21.       The Commission finally drew the Ombudsman's attention to the fact that the authority responsible for concluding contracts was bound by the Staff Regulations and the Conditions of employment of other servants of the European Communities, according to which it should act solely in the interest of the service.

22.       In his observations, the complainant pointed out that he had informed the Commission during his interview, that is to say, the oral test of the competition which took place on 25 September 2007, that he was working for the Council. The Commission, however, did not cancel his application at that point, but instead put him on the reserve list. It then took concrete steps with a view to recruiting him, although it was aware at the time that he was employed by the Council.

23.       The complainant submitted that, following DGT's request to recruit him, it was a matter of "administrative routine" for him to be sent an employment offer. He argued that the Commission should not have blocked the recruitment process. The Commission's statements concerning its obligations towards candidates on the reserve lists were irrelevant in this particular case, since a number of steps had already been taken by the Commission to recruit him.

24.      The complainant argued that the Commission acted arbitrarily and discriminated against him on the grounds of his current employment, thus putting him in a disadvantageous position in comparison with other fellow nationals placed on the same reserve list. These other nationals were recruited by the Commission on contracts with better conditions than his contract with the Council. The complainant was, however, prevented from using this opportunity and his right of fair access to employment was thus infringed by the Commission.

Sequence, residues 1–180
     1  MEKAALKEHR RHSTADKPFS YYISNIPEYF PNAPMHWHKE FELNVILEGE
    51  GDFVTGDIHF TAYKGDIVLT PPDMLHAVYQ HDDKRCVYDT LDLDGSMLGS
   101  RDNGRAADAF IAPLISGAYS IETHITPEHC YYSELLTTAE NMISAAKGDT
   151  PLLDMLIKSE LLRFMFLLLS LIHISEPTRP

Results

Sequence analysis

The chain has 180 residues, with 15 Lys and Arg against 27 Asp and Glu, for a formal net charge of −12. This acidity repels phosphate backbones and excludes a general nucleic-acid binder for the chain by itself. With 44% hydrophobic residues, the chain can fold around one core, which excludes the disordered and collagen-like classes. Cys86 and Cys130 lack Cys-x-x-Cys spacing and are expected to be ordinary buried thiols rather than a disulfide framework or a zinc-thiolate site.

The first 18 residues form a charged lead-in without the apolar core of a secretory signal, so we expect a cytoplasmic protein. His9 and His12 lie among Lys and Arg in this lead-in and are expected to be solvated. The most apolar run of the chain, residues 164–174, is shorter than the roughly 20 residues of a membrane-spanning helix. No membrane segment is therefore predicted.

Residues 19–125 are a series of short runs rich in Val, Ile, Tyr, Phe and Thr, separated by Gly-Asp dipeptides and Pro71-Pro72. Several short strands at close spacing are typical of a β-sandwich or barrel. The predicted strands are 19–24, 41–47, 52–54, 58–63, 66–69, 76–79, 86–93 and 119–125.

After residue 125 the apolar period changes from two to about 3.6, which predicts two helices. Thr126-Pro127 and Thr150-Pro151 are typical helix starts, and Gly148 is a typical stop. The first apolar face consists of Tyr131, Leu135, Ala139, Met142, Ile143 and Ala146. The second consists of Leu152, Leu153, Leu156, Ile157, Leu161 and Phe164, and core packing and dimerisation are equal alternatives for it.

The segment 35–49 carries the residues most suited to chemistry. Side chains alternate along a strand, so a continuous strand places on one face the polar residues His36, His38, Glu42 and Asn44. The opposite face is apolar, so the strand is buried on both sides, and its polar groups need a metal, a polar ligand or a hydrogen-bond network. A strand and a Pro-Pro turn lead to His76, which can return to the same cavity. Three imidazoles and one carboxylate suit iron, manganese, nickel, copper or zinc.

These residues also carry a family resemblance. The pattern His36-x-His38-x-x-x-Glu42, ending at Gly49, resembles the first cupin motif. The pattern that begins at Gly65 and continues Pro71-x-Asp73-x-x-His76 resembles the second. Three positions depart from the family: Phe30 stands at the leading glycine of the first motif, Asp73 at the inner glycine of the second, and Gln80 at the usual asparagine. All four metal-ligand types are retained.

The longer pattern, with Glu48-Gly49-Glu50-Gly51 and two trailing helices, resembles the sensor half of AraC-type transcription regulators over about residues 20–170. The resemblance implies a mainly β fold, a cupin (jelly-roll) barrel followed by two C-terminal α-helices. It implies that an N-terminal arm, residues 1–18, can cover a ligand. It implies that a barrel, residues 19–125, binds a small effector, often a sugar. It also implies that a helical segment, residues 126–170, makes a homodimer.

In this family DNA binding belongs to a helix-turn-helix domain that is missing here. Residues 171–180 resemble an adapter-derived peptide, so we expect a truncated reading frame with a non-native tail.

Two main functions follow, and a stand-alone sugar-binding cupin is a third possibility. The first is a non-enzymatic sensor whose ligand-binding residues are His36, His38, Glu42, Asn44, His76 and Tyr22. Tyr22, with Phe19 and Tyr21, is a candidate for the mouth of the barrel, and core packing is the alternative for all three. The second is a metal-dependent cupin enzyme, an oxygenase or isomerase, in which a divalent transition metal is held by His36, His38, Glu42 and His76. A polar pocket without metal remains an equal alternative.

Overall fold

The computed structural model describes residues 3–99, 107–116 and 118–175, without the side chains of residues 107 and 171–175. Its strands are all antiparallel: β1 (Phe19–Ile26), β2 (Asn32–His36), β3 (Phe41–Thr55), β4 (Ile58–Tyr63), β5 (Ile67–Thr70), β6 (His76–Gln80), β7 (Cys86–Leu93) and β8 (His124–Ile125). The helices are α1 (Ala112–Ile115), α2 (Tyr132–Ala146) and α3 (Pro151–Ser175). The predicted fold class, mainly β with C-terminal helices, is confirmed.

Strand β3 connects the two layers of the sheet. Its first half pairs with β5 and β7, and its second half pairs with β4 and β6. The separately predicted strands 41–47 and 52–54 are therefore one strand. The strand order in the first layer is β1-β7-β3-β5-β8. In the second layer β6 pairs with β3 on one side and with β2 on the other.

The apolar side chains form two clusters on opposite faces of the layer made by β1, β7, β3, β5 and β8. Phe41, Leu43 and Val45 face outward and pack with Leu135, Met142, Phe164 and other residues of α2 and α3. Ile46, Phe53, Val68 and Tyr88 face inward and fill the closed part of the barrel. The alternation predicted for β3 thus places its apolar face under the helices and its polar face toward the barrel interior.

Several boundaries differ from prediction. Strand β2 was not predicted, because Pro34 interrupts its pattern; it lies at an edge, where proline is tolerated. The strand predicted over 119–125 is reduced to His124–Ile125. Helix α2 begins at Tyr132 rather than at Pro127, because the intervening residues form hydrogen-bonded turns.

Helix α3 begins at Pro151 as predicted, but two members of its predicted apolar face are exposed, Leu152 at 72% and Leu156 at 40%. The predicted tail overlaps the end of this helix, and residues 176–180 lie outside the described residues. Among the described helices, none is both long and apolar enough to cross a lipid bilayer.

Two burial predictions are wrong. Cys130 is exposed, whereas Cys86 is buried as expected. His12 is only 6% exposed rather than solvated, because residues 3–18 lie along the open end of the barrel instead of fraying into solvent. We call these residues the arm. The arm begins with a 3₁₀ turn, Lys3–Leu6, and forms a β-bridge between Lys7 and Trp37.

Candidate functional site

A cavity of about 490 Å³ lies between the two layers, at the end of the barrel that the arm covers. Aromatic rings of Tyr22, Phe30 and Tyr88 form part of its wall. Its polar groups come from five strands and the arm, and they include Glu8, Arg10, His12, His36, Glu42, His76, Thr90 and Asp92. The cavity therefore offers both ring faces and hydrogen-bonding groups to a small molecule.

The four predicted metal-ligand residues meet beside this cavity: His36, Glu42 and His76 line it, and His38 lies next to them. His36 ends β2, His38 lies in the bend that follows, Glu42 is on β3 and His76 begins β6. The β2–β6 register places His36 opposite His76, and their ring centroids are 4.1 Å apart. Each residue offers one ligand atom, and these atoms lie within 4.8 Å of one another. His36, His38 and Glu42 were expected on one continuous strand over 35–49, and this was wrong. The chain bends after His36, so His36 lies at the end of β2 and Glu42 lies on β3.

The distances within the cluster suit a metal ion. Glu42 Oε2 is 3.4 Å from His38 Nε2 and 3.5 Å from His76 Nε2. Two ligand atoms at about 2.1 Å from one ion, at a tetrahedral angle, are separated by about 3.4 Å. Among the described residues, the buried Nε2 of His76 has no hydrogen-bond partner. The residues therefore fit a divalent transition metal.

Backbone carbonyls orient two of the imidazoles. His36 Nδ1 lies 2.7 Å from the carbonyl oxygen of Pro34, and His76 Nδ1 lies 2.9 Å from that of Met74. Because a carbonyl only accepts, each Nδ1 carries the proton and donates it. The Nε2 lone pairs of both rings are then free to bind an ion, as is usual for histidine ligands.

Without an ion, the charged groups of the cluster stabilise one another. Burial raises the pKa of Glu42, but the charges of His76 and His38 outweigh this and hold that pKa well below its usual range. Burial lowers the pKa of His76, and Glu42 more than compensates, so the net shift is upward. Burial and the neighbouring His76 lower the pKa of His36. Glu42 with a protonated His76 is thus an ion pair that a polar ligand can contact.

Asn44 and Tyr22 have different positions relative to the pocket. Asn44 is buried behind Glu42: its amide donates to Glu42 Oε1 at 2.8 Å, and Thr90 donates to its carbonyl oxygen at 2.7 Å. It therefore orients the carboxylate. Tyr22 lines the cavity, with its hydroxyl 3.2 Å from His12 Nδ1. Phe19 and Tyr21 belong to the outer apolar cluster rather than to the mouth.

25.       Following from the above consideration, the complainant maintained his claim that the Commission should finalise the recruitment that it had already started without discriminating against him on the grounds of employment.

The Ombudsman's assessment

26.       The complainant pointed out that the Commission knew that he was working for the Council when drawing up the relevant reserve list, but nevertheless included his name on it. The Ombudsman considers that a distinction should be made between the selection process and the recruitment process. By including the name of the complainant on the reserve list, the Commission finalised the selection process of suitable candidates. Given that the complainant had successfully passed the competition, the Commission was obliged to include his name in the reserve list. The subject matter of the present complaint concerns however the recruitment of candidates, which is a follow-up process, different from the selection process.

27.       The Ombudsman recalls in this regard that, in light of the case-law of the Community Courts, the decision to include a successful candidate on a reserve list does not impose any right to be recruited, but merely the possibility to be recruited to a post ("uniquement une vocation à être nommé")[2]. It is thus clear that candidates do not enjoy any legal right to be recruited, even if they are placed on a reserve list. In the present case, the Commission duly clarified this to the complainant.

28.       The Ombudsman notes that DGT submitted a request to DG ADMIN for the complainant's recruitment. It appears from the evidence provided that DG ADMIN was the authority responsible for concluding contracts. It was thus DG ADMIN's responsibility to address an employment offer to the complainant, which would have given him the right to be recruited. However, no such employment offer was made in the present case. The Ombudsman considers it obvious that the fact that a request for the complainant's recruitment had been made internally did not entitle him to demand his recruitment.  In accordance with Article 30 of the Staff Regulations, the Appointing Authority shall decide whether or not to make an employment offer[3].